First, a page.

Representatives of seven political parties on Thursday pledged their commitment to peaceful free, fair and transparent elections in December.

At a forum of members of the Council of State and the political parties to identify obstacles to a peaceful election in December and find ways to tackle them, each representative stated that they would not do anything to mar the peace before, during and after the elections.

The forum, organised by the Council, was in response to a request by the National Democratic Congress (NDC) for the Council to enter the political fray and help address thorny issues that could mar the electoral process.

Representatives of the ruling New Patriotic Party (NPP), the National Democratic Congress (NDC), Convention People's Party (CPP), Democratic Freedom Party (DFP), Democratic People's Party (DPP), National Reform Party (NRP) and the Reform Patriotic Democrats (RPD) were present at the forum.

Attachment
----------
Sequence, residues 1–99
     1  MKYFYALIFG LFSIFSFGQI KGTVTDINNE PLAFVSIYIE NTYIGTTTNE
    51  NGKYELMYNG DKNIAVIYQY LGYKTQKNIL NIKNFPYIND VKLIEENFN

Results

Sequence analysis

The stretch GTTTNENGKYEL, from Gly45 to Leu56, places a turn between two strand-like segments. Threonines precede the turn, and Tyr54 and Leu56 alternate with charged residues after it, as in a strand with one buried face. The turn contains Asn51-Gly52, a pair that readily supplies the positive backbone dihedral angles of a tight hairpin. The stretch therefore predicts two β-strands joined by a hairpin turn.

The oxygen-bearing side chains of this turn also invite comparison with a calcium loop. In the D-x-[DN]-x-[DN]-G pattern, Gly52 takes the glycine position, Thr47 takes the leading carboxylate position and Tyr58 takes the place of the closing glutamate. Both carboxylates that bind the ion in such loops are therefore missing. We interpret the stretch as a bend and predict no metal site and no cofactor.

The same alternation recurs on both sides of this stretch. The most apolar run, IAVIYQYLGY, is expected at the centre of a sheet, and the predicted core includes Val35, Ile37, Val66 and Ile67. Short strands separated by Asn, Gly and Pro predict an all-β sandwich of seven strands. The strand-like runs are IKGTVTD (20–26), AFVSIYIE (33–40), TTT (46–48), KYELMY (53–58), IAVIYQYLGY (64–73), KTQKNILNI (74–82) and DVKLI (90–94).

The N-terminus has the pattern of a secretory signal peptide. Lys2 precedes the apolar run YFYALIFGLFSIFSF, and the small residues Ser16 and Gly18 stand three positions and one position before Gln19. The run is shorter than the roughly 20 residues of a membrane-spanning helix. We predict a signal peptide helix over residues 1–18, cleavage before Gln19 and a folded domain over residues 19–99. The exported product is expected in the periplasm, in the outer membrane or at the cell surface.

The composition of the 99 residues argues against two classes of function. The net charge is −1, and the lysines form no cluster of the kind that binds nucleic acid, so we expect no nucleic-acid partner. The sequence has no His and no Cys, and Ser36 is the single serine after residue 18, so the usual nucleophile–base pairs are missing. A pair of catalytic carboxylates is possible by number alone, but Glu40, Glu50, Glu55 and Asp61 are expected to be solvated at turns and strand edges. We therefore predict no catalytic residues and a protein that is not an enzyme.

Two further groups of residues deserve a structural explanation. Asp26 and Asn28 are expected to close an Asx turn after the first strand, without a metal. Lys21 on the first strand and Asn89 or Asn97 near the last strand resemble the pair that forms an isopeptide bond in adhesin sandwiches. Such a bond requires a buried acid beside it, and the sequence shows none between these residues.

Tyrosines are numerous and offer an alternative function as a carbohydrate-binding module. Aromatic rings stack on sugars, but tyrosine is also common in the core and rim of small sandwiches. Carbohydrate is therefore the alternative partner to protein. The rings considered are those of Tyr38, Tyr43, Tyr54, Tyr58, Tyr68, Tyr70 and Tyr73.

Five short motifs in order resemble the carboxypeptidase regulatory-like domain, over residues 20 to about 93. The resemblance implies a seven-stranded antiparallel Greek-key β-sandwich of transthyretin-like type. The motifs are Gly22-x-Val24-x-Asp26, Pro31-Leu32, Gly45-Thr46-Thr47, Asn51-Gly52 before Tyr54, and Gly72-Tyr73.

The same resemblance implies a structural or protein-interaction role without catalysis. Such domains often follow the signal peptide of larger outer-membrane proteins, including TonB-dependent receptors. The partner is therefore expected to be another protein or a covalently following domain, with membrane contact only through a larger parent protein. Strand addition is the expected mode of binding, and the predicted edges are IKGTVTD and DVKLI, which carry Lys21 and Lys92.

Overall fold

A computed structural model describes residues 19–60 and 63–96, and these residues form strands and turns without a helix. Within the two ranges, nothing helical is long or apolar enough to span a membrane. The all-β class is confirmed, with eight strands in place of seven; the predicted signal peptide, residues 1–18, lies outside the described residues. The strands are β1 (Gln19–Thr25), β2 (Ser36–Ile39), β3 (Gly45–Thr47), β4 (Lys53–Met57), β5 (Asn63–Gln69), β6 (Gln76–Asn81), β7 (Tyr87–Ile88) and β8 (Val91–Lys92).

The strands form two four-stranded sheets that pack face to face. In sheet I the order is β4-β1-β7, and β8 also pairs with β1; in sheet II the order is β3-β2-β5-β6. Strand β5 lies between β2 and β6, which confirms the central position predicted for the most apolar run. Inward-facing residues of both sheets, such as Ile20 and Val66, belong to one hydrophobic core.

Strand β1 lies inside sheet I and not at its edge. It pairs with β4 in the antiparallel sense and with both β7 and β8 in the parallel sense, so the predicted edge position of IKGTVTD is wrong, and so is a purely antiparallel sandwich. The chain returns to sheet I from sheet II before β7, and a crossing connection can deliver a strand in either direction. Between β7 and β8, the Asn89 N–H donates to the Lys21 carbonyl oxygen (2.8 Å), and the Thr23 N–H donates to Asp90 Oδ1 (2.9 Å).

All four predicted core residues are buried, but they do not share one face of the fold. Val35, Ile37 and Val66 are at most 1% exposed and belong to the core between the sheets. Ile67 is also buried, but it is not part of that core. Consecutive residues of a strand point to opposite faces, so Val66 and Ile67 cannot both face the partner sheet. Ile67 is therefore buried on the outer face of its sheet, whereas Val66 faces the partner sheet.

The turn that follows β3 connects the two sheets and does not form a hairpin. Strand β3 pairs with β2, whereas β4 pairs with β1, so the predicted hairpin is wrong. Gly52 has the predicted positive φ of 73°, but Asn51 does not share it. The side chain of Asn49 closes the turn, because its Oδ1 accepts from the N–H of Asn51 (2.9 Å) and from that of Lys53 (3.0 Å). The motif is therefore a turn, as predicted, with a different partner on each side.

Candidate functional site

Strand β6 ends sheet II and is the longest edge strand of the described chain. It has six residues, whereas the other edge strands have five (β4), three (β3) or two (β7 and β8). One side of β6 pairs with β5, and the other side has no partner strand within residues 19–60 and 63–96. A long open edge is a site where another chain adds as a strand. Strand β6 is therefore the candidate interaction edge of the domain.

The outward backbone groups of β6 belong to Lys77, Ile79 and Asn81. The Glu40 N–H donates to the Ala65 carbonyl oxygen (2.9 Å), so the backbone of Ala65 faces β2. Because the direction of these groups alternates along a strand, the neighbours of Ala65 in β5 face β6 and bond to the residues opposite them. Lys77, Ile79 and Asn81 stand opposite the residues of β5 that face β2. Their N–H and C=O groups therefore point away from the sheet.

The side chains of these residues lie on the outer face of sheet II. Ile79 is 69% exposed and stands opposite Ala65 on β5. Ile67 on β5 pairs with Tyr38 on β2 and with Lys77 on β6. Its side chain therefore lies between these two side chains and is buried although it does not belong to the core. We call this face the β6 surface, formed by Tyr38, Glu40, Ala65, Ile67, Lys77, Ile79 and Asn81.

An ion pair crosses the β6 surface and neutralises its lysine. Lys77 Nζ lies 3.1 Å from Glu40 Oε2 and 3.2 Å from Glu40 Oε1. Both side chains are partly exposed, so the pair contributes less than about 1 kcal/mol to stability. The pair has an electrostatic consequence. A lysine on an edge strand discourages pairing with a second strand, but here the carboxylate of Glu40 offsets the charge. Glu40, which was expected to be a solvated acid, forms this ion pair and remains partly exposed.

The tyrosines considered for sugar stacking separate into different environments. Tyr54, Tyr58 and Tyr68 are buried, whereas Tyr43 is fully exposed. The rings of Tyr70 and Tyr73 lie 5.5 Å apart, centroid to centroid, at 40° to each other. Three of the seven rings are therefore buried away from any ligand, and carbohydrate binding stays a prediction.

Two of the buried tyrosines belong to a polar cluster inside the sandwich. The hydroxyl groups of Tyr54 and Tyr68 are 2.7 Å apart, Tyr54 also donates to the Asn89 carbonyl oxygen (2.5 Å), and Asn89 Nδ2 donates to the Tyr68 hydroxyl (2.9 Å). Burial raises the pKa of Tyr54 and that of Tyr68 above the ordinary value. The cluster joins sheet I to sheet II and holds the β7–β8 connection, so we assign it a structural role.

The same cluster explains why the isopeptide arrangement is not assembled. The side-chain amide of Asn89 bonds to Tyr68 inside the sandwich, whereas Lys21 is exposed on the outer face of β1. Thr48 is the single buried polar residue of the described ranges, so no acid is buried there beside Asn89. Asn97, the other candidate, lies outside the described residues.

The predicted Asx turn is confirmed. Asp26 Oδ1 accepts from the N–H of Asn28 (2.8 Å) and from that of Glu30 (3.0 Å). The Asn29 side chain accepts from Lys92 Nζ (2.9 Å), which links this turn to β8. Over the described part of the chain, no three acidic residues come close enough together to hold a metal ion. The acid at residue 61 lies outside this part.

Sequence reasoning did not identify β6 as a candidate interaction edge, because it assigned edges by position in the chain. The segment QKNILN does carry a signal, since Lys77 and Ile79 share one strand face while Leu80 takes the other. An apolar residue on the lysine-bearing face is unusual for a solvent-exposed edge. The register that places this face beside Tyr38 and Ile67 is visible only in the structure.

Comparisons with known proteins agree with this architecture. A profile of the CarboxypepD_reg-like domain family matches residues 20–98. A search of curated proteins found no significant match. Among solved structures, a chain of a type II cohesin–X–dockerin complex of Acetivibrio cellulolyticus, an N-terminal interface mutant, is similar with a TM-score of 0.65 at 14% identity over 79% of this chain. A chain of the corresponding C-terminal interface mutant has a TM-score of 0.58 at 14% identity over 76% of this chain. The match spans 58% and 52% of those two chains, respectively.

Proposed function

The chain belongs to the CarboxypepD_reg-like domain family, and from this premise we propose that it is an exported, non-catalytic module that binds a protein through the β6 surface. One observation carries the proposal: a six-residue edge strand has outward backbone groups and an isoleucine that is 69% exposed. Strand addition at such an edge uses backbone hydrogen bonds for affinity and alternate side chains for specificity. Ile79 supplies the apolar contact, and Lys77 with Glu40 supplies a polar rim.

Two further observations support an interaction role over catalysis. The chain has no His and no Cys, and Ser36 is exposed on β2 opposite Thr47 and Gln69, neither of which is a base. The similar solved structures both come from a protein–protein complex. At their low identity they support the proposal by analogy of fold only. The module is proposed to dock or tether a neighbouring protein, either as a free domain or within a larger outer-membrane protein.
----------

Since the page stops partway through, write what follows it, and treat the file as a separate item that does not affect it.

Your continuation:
Prof. Daniel Adjei Bekoe, Chairman of the Council of State, noted that the Council found it necessary to enter the fray at this time to help find solutions to possible obstacles to a peaceful election.

He congratulated the political parties for the tolerance they each exhibited at the balloting for positions on the ballot paper and expressed the hope that the same level of tolerance would characterise the December polls.

"We are interested in peace and we believe that every political party has a role to play in ensuring a level playing field which is imperative to keeping the peace before, during and after the elections," he said.

Dr. David Pessey, Member of the National Working Committee of NRP, disagreed with the Chairman of the Council of State, saying that the responsibility of ensuring a peaceful election rested with the sitting government since it controlled the law enforcement agencies, state media and other institutions, which were part of the framework for peace.

"I don't think it is fair for the Council of State to call on all political parties to ensure a peaceful election when all the institutions and mechanisms for ensuring peace are being controlled by the incumbent," he said.

"The Council must be forthright enough to place that responsibility squarely at the doorstep of the government and the EC instead of generalising the call to ensure peace."